By a News Reporter-Staff News Editor at Journal of Technology -- Investigators discuss new findings in Solids Research. According to news reporting out of Zografos, Greece, by VerticalNews editors, research stated, "Indentation tests have long been a standard method for material characterization due to the fact that they provide an easy, inexpensive, non-destructive and objective method of evaluating basic properties from small volumes of materials. As the contact scales in such experiments reduce progressively (micro to nano-scales) the internal material lengths become important and their effect upon the macroscopic response cannot be ignored."
Our news journalists obtained a quote from the research from National Technical University, "In the present study, we derive general solutions for three basic two-dimensional (2D) plane-strain contact problems within the framework of the generalized continuum theory of couple-stress elasticity. This theory introduces characteristic material lengths in order to describe the pertinent scale effects that emerge from the underlying microstructure and has proved to be very effective for modeling microstructured materials. By using this theory, we initially study the problem of the indentation of a deformable elastic half-plane by a flat punch, then by a cylindrical indentor, and finally by a shallow wedge indentor. Our approach is based on singular integral equations which have resulted from a treatment of the mixed boundary value problems via integral transforms and generalized functions."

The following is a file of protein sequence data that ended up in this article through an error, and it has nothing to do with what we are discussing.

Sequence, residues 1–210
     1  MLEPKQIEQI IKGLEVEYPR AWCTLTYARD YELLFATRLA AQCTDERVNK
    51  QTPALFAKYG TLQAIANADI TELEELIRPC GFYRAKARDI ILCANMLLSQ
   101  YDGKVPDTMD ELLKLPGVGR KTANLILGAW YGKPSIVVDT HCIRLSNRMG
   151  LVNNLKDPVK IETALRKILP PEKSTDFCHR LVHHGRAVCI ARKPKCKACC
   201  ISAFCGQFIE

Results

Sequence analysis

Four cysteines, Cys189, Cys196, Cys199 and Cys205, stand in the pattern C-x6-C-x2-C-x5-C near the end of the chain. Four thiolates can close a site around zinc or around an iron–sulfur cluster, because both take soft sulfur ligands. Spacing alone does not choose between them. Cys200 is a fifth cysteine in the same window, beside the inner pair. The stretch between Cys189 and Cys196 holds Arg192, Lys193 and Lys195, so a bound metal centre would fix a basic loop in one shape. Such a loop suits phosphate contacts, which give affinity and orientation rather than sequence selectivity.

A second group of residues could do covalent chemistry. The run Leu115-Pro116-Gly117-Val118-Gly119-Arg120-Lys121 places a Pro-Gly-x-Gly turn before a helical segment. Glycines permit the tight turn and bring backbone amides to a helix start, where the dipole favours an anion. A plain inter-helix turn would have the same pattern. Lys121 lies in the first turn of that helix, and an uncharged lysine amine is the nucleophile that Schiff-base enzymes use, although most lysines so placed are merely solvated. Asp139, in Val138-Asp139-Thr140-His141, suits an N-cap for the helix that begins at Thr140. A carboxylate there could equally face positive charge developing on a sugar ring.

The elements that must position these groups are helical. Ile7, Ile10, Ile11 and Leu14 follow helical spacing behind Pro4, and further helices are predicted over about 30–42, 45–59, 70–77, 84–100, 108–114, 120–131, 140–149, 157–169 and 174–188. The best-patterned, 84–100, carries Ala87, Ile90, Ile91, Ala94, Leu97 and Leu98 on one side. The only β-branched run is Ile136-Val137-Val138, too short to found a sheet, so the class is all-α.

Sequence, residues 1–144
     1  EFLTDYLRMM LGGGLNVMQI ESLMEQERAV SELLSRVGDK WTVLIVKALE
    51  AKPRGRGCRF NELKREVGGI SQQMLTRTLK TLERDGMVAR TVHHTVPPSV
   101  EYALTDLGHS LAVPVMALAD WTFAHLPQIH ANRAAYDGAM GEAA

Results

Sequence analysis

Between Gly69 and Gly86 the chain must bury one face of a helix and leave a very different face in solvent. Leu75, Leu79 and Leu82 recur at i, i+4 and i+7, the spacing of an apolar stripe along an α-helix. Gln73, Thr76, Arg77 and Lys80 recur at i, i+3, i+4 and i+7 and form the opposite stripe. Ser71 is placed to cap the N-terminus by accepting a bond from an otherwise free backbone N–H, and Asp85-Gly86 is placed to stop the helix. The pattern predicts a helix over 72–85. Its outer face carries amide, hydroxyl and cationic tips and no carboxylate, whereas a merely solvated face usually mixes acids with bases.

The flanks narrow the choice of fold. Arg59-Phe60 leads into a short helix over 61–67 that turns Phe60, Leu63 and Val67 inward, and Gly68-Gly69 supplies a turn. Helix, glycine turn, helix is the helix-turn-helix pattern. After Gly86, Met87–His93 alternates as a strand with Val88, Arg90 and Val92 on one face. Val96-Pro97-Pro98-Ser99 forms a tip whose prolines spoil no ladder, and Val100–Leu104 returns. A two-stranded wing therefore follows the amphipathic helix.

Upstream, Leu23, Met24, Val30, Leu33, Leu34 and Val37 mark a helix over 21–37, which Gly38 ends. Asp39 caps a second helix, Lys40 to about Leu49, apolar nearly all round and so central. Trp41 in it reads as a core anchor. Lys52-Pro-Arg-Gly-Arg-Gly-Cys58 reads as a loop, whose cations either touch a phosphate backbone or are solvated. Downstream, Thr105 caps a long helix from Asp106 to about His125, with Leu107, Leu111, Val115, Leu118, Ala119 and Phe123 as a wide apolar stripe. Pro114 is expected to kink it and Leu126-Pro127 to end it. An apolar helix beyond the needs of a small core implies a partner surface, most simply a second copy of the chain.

According to the news editors, the research concluded: "The results show significant departure from the predictions of classical elasticity revealing that it is inadequate to analyze indentation problems in microstructured materials employing only classical contact mechanics."
For more information on this research see: Some basic contact problems in couple stress elasticity. International Journal of Solids and Structures, 2014;51(11-12):2084-2095. International Journal of Solids and Structures can be contacted at: Pergamon-Elsevier Science Ltd, The Boulevard, Langford Lane, Kidlington, Oxford OX5 1GB, England. (Elsevier - www.elsevier.com; International Journal of Solids and Structures - www.elsevier.com/wps/product/cws_home/297)
Our news journalists report that additional information may be obtained by contacting T. Zisis, National Technical University of Athens, Mech Div, GR-15773 Zografos, Greece. Additional authors for this research include P.A. Gourgiotis, K.P. Baxevanakis and H.G. Georgiadis.
Keywords for this news article include: Greece, Europe, Zografos, Solids Research
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